By Dan Jacobson, [as extensively respelled by the] Opinion & Analysis column, China News, Taipei, Taiwan. Monday, April 5, 1999, page 6.
Tuesday, the Ministry of Education will meet to decide what sort of recommendation to give the Executive Yuan concerning street sign spellings and whether or not textbooks should drop the "bo po mo fo" phonetic system in favor of a new romanization system.
The list of attendees, screened personally by vice Premier Liu Chao-hsuan, includes representatives of government agencies, 30 scholars and me, the only foreigner. I myself am pushing hard for Hanyu Pinyin, the romanization system used in China.
Why are road signs such a mess in Taiwan? Because there are several Chinese romanization systems in competition. Adding to the confusion is a political factor: Taiwan wants to avoid using the same system as the mainland. Over the past 50 years, the Postal System (a simplification of Wade-Giles) has been used on the island. But, with "B's" and "P's", "D's" and "T's" spelled the same, even the government had to admit recently that enough was enough.
The Ministry of Education's (MOE) planned heir to the romanization throne, the "Di Er Shr" system, does well at its goal -- to spell Mandarin sounds in a way which the average American English speaker might accurately pronounce. But, one must ask, should we squeeze the description of Mandarin sounds into the narrow framework of what an American English speaker can pronounce, or should we instead take the Hanyu Pinyin approach making no compromises (especially as Mandarin is the world's most-spoken language)? Pinyin uses more letters to represent the entire scope of sounds in Mandarin, even though "Q," "X" and other letters might not be familiar to American eyes.
When one travels abroad, one usually takes a few minutes to read up on the destination country's language, instead of expecting that country's transcription system to make compromises to accommodate one class of tourists from one part of the world. Furthermore, just looking at, say, Lonely Planet's Taiwan Guidebook, one can see that, no matter how good the MOE's intentions are, foreigners still use Hanyu Pinyin. The Taiwan Guidebook adds it after each place name. Hanyu Pinyin is also used by everybody who studied Chinese before coming to Taiwan.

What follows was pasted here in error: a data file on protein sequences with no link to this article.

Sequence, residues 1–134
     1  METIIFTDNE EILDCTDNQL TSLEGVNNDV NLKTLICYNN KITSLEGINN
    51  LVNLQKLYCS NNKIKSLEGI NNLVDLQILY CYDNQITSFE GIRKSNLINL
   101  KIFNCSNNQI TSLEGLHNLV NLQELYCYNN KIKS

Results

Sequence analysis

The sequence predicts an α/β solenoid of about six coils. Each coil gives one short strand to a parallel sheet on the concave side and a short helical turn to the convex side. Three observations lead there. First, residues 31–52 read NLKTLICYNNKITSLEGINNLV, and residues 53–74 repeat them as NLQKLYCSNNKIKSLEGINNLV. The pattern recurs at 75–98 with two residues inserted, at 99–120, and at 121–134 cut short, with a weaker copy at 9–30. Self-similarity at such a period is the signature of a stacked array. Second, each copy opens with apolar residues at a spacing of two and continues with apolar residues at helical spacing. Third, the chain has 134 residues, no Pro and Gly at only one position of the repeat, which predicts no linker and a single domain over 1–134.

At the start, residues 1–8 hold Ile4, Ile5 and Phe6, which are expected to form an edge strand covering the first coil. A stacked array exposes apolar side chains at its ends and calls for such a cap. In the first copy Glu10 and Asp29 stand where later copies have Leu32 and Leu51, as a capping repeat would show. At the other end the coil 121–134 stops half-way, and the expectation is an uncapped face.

Hanyu Pinyin seems to be the obvious choice, given the number of people that already use and recognize it. But things are not normal here. Let's look at the 1986 MOE decree promulgating the "Di Er Shr" system. Nowhere in the decree or many other MOE documents does one see mention of_the existence of Hanyu Pinyin. Foreigners must wonder why the MOE must take the trouble to invent another system and more trouble to promote it.
It must arise from a desire to place Taiwan apart from China, Luckily, Vice Premier Liu has set the ground rules for Tuesday's meeting -- no politics. This meeting also represents a breakthrough, as it is the first time scholars have been invited to discuss the transliteration issue alongside various government agency representatives.
The MOE knows that to win the street sign battle, one must get one's signs up on the poles -- the more, the quicker, the better. Yu Bo Cyuan knows this, too. With the election of the DPP's Chen Shui-bian as mayor of Taipei, Yu, an Academia Sinica Ethnology Department researcher, realized that there was an opportunity to break though the MOE's plans for "Di Er Shr" islandwide. Some were excited that Pinyin might make it to the street signs.
As time went by, however, it seemed Yu also wanted to be different from China, linguistics thus took a back seat. Pinyin had to be "improved" by him before it could be used to write Taiwanese and Hakka. However, no matter how long the list of non-linguistic violations committed by Yu's "Tong Yong Pinyin" team, I must admit that if he didn't take the initiative to change Taipei's street signs, we wouldn't have today's opportunity to re-discuss the matter.
So, why are Taiwan's street signs still the subject of a constant battle over romanization systems? It's the same old story of politics interfering with science.
One would hope market forces would decide the issue. Political forces have isolated us from the world-wide Chinese language market.
If it weren't for politics, this could have been decided in a minute.
When you say "Taiwan independence," politically, there's no problem. I'm all for it. But, when you demand that members of the global village of Mandarin speakers use a different spelling system for exactly the same language, just because you derive some sort of political satisfaction, then I say you are on the same side as the apartheidists.
I hope that the MOE will re-examine Hanyu Pinyin, not as an enemy, but instead, though using this worldwide standard to romanize Mandarin, Taiwanese and Hakka, we would be making the best choice in promotion of these languages, and the impossible task of promoting a new romanization system will have been already done for us.
Last modified: 2007-09-14 01:11:34 +0800